The EA process cost $3 million, with $1.5 million coming from Ottawa, about $1.2 million from the City of Brampton and $300,000 from Peel Region through federal funding.   

Designing and building the project has a much larger price tag, with estimates putting the cost between $86 and $106 million. There will be a better understanding of the final cost after the design process is completed. The process will involve numerous considerations, such as the impact of disturbing areas of archaeological or historical importance, including unmarked grave sites at St. Mary’s Roman Catholic Cemetery.

On Wednesday, Minister of Infrastructure and Communities, Catherine McKenna, announced the federal government will invest about $38 million in the project through the Disaster Mitigation and Adaptation Fund.

A spokesperson from Infrastructure Canada confirmed to The Pointer the new funding is in addition to the $1.5 million the federal government provided in 2018.

The application, which the City acknowledged was being made earlier this year, was not the first time it asked for financial assistance. In 2018, an expression of interest (EOI) was submitted for $105 million for the Riverwalk project. Brampton’s request was rejected, and Ottawa cited high demand for projects starting in 2019 and 2020 as the reason for its decision.

Now, Ottawa is pledging roughly a third of the capital funding.  

“This project, I know, is a critical component to a long term climate change mitigation strategy that the City is embarking on,” McKenna said. “We need to keep the community safe from increasingly violent storms that overwhelm municipal drainage and cause flooding.”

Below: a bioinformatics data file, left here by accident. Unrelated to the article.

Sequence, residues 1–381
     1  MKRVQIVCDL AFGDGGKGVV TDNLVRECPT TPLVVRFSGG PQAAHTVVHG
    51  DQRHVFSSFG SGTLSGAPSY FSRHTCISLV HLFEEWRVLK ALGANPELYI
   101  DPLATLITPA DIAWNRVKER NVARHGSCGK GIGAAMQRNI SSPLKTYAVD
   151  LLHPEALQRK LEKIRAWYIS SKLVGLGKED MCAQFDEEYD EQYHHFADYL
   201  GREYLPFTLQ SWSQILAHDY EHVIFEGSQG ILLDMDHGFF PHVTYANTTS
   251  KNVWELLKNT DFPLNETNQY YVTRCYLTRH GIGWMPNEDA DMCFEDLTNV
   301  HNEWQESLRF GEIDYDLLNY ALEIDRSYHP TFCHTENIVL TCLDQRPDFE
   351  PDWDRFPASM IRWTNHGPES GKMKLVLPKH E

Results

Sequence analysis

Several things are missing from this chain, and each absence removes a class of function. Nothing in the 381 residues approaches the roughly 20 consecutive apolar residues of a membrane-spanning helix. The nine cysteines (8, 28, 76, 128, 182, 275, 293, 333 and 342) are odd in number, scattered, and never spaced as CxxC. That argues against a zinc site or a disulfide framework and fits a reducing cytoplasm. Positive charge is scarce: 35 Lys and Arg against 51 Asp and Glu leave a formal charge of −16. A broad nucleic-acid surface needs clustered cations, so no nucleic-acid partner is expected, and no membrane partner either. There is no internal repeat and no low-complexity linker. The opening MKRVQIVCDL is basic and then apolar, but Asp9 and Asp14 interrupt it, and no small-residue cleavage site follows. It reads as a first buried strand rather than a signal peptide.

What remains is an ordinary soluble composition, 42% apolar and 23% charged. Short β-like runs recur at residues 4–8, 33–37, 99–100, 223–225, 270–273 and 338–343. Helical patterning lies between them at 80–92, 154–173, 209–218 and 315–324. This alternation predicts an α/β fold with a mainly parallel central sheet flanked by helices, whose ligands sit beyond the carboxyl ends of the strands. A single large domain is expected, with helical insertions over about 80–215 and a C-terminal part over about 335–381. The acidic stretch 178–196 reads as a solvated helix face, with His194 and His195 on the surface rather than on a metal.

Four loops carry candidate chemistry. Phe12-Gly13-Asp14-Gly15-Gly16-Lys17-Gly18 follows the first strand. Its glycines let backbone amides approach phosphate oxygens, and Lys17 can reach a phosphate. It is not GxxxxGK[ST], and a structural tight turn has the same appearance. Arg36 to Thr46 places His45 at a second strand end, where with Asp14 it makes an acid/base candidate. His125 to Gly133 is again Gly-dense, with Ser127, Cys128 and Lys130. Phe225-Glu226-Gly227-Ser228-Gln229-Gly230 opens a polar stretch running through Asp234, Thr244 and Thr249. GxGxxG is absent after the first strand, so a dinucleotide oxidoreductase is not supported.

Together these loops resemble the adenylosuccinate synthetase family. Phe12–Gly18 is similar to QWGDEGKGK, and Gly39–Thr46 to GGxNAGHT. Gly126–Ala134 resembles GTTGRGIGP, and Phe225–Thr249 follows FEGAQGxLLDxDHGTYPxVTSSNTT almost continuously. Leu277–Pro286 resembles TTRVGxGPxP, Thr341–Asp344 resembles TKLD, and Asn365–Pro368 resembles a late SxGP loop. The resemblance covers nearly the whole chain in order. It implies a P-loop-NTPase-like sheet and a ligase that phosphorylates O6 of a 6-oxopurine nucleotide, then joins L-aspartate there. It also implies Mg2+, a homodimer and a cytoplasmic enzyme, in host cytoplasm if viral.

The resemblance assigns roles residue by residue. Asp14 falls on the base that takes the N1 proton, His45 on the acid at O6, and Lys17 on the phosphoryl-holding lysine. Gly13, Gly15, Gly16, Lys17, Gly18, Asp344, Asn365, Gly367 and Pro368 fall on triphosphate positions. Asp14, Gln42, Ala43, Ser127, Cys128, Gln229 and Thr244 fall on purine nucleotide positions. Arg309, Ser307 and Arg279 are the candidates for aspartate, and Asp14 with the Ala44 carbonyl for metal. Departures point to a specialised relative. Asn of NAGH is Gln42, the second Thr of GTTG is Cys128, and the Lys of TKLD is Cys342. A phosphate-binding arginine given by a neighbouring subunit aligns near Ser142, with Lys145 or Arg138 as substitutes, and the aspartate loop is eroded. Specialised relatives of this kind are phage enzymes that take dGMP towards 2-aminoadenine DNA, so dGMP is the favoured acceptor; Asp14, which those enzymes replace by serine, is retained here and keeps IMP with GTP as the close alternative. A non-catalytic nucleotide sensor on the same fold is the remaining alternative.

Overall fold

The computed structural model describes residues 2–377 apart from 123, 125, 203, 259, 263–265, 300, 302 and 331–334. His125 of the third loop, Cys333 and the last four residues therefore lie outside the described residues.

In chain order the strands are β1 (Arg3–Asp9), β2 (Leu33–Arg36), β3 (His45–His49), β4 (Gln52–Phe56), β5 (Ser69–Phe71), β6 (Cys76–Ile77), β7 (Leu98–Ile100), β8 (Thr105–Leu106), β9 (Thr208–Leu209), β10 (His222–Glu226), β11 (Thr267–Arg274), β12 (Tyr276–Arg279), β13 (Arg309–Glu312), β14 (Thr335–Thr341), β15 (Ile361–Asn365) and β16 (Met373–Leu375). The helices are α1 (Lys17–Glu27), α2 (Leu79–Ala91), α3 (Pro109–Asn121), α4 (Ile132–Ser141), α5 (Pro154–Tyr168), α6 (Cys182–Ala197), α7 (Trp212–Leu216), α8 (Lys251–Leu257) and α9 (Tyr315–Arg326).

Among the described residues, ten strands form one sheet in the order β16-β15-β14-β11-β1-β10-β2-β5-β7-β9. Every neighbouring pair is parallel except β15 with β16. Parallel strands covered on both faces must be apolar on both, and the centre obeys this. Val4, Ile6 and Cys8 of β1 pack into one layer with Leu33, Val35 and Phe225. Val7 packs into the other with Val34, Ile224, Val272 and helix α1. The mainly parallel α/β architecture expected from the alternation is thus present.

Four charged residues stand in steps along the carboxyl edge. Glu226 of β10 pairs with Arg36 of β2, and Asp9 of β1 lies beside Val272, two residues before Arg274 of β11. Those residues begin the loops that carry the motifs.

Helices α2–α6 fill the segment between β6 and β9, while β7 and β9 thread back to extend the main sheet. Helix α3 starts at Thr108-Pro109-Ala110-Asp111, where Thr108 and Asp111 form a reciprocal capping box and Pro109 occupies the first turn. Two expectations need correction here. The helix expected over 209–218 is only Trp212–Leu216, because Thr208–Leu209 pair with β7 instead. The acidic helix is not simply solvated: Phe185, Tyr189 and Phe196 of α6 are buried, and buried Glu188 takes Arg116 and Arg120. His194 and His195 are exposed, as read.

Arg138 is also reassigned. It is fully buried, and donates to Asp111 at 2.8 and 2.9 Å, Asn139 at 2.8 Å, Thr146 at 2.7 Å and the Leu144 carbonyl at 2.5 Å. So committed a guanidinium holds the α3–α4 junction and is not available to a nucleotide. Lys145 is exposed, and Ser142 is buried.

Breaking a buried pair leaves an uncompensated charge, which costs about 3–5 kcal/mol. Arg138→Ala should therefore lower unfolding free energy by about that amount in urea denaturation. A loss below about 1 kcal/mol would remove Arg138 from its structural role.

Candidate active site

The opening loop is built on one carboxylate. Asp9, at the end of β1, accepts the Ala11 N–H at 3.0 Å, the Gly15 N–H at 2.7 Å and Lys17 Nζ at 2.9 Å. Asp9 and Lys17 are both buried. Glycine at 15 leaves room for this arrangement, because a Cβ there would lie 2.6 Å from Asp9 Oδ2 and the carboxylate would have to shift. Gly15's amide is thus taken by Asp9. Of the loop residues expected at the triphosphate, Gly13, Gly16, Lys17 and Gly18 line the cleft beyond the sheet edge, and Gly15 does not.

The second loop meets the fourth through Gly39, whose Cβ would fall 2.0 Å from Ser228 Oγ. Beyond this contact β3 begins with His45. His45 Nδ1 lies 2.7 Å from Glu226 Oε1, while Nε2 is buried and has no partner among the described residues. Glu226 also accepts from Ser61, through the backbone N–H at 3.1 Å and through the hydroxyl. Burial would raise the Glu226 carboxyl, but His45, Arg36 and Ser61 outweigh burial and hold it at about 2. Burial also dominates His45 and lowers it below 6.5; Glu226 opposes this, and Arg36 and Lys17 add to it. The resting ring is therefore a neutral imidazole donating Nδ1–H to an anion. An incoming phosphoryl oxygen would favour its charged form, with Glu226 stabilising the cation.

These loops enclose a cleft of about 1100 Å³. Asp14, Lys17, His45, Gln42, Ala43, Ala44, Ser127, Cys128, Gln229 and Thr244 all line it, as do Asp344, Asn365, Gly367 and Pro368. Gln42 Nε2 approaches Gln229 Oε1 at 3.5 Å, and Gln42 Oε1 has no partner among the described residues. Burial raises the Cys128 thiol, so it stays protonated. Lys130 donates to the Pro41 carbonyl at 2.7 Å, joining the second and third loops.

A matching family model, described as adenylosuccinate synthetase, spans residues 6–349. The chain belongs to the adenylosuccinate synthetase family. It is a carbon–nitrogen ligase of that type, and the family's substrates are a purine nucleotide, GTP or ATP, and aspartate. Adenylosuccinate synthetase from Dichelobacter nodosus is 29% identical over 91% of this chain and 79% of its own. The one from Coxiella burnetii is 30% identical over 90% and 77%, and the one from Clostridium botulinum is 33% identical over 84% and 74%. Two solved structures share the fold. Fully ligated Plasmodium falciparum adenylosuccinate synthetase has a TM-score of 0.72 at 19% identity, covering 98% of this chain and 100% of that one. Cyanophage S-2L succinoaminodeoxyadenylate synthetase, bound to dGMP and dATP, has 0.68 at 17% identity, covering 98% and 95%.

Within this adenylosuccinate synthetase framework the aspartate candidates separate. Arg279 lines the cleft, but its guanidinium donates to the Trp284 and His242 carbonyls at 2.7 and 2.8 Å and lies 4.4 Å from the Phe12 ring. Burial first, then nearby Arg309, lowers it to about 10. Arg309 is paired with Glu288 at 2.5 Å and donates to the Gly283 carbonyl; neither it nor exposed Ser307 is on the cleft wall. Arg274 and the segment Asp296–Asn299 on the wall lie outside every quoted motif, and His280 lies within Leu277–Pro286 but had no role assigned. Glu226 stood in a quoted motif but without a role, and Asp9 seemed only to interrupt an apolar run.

Minister of Infrastructure and Communities, Catherine McKenna, speaks with members of Brampton city council.


The City itself is responsible for funding the remaining cost, unless the Province steps up with assistance. It’s unclear how the City will pay for this and it’s not known if it plans to apply for further assistance from the federal or provincial government.

Megan Ball, a spokesperson for the City, told The Pointer funding will come through the budget. “The foundation of Riverwalk is the Downtown Brampton Flood Protection Project, and prior to beginning the design process, staff will bring a report to Council for funding allocation through budget amendments for the City’s portion.”

It’s unclear if future budget plans to accommodate the tens of millions needed for the Riverwalk project will come from property tax increases, debt financing (which would require revenue from taxes or user fees to service it) or other potential revenue sources. 

In the 2021 budget, only 4 million is allocated through the 2022 and 2023 capital budget to fund the planning process of the Downtown Brampton Flood Plan and the Riverwalk Urban Master Plan.

The City may choose the option to finance the project through debt, as it has the capacity to borrow up to $1.32 billion. But it’s unclear how a council, which has approved two consecutive tax freezes pushed by Mayor Patrick Brown, will feel about this in the future.